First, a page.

The role played by Glycemic Index (GI), which is a measure of carbohydrate effect on levels of blood sugar, has been a much talked about topic during the last few years. Some diet experts proposed cutting down on foods with high GI (like white bread and potatoes) because they cause the insulin levels in the blood to spike up and replacing them by healthier carbs like whole grains and low-starch vegetables which have a lower GI.
The findings of a new study have pointed out that the glycemic index might not be too important for people already following a healthy diet.
Franck Sacks and his colleagues have, in a paper published in the JAMA, discussed in detail the results of a randomized 5-week feeding trial comparing 4 different diets in 163 overweight or obese adults. The diets were either high carb or low carb and were all based on previously established healthy patterns based on the DASH diet. The DASH diet includes high amounts of fruits, vegetables and low fat dairy products while being low on saturated and total fats.
Sacks mentioned that they did not see any significant benefit in those sticking to a low GI diet. “In the main comparison of interest, the low–GI, low-carb diet, when compared with the high–GI, high-carb diet, lowered triglycerides from 111 to 86 mg/dL but had no significant impact on insulin sensitivity, systolic blood pressure, LDL cholesterol, or HDL cholesterol. Unexpectedly, in a comparison of the low and high-GI diets within the high-carb group, insulin sensitivity was decreased and LDL was increased in the low-GI group.”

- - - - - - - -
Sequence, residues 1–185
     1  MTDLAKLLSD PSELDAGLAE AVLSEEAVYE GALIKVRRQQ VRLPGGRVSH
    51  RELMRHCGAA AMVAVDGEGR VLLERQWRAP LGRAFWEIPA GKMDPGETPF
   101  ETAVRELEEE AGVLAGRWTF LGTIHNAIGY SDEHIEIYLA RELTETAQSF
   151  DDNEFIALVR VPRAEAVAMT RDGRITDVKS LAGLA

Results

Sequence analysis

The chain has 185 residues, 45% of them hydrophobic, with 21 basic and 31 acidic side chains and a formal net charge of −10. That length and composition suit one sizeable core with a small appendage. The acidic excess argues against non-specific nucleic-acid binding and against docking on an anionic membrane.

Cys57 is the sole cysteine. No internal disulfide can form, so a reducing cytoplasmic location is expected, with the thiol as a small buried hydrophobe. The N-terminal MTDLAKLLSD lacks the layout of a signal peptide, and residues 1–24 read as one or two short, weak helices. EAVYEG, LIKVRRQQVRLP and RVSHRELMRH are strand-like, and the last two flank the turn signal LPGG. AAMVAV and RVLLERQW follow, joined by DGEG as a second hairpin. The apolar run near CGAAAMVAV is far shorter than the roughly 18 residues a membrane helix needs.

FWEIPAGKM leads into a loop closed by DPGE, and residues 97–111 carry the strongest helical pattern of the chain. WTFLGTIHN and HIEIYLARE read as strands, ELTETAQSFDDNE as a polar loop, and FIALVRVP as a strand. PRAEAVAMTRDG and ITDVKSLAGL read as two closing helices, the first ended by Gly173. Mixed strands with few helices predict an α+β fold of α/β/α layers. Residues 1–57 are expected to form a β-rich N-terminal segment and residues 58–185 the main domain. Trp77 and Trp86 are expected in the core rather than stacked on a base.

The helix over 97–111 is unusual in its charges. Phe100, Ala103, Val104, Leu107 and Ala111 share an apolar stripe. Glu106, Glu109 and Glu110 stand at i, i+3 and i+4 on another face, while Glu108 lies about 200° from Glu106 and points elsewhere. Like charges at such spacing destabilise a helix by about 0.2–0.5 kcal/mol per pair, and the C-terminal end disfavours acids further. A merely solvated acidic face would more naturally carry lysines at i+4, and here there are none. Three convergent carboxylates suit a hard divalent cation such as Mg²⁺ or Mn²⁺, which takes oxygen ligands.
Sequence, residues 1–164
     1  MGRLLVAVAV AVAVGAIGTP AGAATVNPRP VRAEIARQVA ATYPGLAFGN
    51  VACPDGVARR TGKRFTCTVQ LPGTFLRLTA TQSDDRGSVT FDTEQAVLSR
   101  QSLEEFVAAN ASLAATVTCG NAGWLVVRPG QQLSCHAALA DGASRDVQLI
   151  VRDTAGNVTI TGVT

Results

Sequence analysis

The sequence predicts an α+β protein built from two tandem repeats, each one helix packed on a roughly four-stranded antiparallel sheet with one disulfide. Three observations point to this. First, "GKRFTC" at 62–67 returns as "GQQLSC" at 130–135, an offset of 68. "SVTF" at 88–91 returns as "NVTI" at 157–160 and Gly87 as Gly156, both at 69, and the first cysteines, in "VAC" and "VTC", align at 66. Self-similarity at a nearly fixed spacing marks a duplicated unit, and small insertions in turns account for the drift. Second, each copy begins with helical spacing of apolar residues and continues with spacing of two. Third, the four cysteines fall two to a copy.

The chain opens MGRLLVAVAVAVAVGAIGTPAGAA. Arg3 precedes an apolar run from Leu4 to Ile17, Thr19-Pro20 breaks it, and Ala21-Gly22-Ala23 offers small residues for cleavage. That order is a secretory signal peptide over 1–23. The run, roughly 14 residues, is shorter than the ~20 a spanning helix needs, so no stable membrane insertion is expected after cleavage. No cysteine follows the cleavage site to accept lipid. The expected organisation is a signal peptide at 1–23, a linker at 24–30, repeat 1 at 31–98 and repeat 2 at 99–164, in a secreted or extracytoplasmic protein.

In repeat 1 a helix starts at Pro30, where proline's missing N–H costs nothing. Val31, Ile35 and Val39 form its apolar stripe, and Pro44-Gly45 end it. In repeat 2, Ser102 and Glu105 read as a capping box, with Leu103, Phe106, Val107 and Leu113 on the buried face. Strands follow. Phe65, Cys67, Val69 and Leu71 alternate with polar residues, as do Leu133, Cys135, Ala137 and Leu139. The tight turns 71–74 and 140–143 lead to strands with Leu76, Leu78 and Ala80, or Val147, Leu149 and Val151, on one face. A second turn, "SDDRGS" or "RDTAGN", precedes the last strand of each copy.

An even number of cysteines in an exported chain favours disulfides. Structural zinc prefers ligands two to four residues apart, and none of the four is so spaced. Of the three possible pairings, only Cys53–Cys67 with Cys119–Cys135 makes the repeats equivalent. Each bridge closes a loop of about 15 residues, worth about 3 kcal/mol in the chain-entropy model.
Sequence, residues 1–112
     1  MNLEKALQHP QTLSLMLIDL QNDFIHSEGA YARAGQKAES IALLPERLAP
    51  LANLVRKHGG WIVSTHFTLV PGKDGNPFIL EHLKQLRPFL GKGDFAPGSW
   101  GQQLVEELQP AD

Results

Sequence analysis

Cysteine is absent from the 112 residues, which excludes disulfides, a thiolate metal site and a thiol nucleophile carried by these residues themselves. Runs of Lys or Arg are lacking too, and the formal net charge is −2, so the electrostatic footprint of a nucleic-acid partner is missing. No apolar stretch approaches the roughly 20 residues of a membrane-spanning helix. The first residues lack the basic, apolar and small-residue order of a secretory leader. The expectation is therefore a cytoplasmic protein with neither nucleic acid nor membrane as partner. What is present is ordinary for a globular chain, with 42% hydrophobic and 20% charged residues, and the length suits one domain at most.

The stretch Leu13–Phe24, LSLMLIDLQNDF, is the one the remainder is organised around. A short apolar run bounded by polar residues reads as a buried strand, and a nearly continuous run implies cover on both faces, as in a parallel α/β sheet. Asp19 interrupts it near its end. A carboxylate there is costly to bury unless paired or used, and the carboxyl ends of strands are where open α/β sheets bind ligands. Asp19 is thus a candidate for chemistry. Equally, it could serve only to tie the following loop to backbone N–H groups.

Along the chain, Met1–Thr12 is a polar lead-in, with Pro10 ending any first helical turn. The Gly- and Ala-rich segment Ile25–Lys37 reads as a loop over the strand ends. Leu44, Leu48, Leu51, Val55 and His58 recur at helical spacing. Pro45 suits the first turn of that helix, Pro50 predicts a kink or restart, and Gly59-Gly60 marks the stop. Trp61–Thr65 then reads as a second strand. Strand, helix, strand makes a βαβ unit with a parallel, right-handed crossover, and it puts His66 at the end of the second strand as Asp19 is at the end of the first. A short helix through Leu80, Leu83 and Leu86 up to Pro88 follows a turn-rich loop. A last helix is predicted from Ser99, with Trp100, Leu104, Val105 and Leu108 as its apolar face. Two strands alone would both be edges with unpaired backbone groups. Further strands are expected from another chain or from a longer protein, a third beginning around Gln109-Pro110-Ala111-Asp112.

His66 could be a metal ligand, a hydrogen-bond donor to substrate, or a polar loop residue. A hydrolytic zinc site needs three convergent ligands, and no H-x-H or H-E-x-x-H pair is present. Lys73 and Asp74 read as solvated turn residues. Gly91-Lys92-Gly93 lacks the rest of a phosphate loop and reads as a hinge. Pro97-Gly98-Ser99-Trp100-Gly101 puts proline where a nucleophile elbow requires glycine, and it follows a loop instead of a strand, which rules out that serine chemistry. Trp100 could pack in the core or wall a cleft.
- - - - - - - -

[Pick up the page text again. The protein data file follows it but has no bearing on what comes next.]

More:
The authors cautioned that their trial did not attempt to “address the effect of glycemic index in a typical US diet.” They also warn that they did not study the effect of lowering GI in people who have type 2 diabetes or for weight loss. Current evidence suggests that a low GI diet may be helpful in these situations.
“A low G.I. diet may be more like the tortoise than the hare. It takes longer, but gets you there in the end,” said Dr. David Jenkins, a professor of nutrition at the University of Toronto. However, there are researchers who are doubting the findings of this study citing it did not take into account those diagnosed with Type II diabetes.